You awaken to the fact that you are not perfect and that not everyone will always love, appreciate or approve of who or what you are … and that’s alright. (They are entitled to their own views and opinions.) You learn the importance of loving and championing yourself and in the process, a sense of new found confidence is born of self-approval.
You stop complaining and blaming other people for the things they did to you (or didn’t do for you) and you learn that the only thing you can really count on is the unexpected. You learn that people don’t always say what they mean or mean what they say and that not everyone will always be there for you and that it’s not always about you. So, you learn to stand on your own and to take care of yourself and in the process, a sense of safety and security is born of self-reliance.
You stop judging and pointing fingers and you begin to accept people as they are and to overlook their shortcomings and human frailties and in the process, a sense of peace and contentment is born of forgiveness.
Yes, I do love myself. I view self-love as a condition of awareness, a way of perceiving, an attitude, which results in an integrated perception of the world. I believe the art of loving yourself begins with self-acceptance. You begin loving yourself when you stop rejecting yourself, especially on the emotional level. And when you practice self-acceptance of your feelings as they are right now, you will experience real changes in consciousness.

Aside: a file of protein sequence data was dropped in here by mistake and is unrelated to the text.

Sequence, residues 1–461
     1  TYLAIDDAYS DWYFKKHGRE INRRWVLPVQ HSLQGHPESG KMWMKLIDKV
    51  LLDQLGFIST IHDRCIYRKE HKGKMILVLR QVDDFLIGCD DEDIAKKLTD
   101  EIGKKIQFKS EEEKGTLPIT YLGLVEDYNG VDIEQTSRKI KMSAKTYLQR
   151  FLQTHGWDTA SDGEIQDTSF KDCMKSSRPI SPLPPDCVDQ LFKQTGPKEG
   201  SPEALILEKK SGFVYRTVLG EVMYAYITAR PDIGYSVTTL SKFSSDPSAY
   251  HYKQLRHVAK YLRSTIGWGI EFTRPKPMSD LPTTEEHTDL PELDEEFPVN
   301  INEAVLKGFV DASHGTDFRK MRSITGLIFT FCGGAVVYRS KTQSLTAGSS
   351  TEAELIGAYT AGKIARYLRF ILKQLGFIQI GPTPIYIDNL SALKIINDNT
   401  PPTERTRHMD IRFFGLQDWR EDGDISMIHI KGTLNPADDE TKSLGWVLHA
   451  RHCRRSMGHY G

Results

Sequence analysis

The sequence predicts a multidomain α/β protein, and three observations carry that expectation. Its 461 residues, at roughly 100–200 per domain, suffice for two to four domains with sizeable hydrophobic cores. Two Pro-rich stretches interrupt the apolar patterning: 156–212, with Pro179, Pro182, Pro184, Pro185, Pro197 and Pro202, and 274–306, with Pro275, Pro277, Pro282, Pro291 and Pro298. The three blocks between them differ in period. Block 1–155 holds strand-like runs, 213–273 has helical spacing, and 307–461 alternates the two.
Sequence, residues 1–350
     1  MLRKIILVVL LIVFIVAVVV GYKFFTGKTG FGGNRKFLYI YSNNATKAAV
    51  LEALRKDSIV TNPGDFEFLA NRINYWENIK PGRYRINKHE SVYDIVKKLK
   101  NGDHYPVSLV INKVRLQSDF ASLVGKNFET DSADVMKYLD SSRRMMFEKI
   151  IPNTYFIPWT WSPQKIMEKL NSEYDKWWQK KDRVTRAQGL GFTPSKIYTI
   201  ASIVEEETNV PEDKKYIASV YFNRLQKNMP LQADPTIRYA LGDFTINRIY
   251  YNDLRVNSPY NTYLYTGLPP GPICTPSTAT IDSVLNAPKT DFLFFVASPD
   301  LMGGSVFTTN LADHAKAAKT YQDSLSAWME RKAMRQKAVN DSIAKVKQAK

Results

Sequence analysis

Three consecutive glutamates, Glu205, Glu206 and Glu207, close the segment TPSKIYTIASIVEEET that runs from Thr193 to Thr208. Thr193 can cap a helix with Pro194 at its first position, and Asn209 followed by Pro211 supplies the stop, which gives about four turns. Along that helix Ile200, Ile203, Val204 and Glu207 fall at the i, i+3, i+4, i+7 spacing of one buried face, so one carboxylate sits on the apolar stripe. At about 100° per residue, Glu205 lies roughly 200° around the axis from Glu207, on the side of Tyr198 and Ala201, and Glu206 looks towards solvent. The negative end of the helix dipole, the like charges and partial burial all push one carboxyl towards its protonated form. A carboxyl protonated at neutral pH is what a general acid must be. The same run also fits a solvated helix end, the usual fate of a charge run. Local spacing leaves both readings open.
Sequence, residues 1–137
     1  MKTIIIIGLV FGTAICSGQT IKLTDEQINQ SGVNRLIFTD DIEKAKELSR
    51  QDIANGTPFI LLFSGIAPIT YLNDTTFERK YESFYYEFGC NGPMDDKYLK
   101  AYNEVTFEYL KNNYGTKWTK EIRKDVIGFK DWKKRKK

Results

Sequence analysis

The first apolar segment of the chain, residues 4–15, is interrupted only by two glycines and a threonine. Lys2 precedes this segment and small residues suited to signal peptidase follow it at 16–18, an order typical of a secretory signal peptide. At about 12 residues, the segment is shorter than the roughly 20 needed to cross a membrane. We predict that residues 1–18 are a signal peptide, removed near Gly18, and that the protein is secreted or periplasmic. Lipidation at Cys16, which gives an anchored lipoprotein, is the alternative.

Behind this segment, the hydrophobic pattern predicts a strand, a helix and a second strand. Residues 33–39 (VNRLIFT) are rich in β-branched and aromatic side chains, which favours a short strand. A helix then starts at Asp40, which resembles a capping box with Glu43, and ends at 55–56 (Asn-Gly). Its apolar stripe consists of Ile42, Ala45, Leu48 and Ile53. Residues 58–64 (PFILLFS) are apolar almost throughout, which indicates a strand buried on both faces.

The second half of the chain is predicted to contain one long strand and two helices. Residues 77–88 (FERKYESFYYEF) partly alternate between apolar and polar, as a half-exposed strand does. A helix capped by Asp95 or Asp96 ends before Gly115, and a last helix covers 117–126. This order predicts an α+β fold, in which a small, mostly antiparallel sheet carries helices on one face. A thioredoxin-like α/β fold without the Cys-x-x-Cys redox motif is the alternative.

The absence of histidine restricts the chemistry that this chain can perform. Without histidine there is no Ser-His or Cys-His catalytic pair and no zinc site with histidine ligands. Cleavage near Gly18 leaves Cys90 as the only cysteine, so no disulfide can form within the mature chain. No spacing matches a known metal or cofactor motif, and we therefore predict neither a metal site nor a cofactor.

When you love yourself you will no longer try to juggle people or possessions in the external world in order to find inner fulfillment. You will no longer live a life focused on clinging to attachments and aversions. You no longer look to a big guy in the sky to send in a savior to rescue you from becoming intimately acquainted with your own true nature. You find fulfillment from within, simply by accepting, without acting out, your feelings just as they are right now.
Core Beliefs and The Four Agreements
Everything we do is based on core beliefs and agreements we have made – agreements with ourselves, with other people, with with life. But the most important agreements are the ones we make with ourselves. In these agreements we tell ourselves who we are, how to behave, what is possible, what is impossible. One single agreement is not such a problem, but we have many agreements that come from fear, deplete our energy, and diminish our self-worth. The simple ideas of The Four Agreements provide an inspirational code for life; a personal development model, and a template for personal development, behaviour, communications and relationships.
Learning how to love yourself is all about empowerment. Once you welcome all your true feelings, you become whole and your life becomes holistic. You experience oneness with others. You no longer compulsively search for oneness in the external world, whether with another person, or with a supernatural being (imaginary friend) in a future life. Instead you begin to experience oneness with all beings because once you can love yourself unconditionally, you become capable of loving others unconditionally too.
(1) Accept yourself for who you are and learn to love yourself just as you are;
(2) Accept your feelings and examine them closely so you can understand yourself mentally, emotionally, physically and spiritually;
(3) Learn to direct your mind, body and emotions;
(4) Uncover core beliefs leftover from your childhood and replace the negative with positive;
(5) Strengthen your inner self and begin changing what you do not like about yourself;
(6) Witness the change in your self-esteem and self-confidence levels and celebrate your progress;
(7) Allow yourself to accept and others exactly as they are;
(8) Seek common ground but always celebrate differences;
(9) Practice The Four Agreements.
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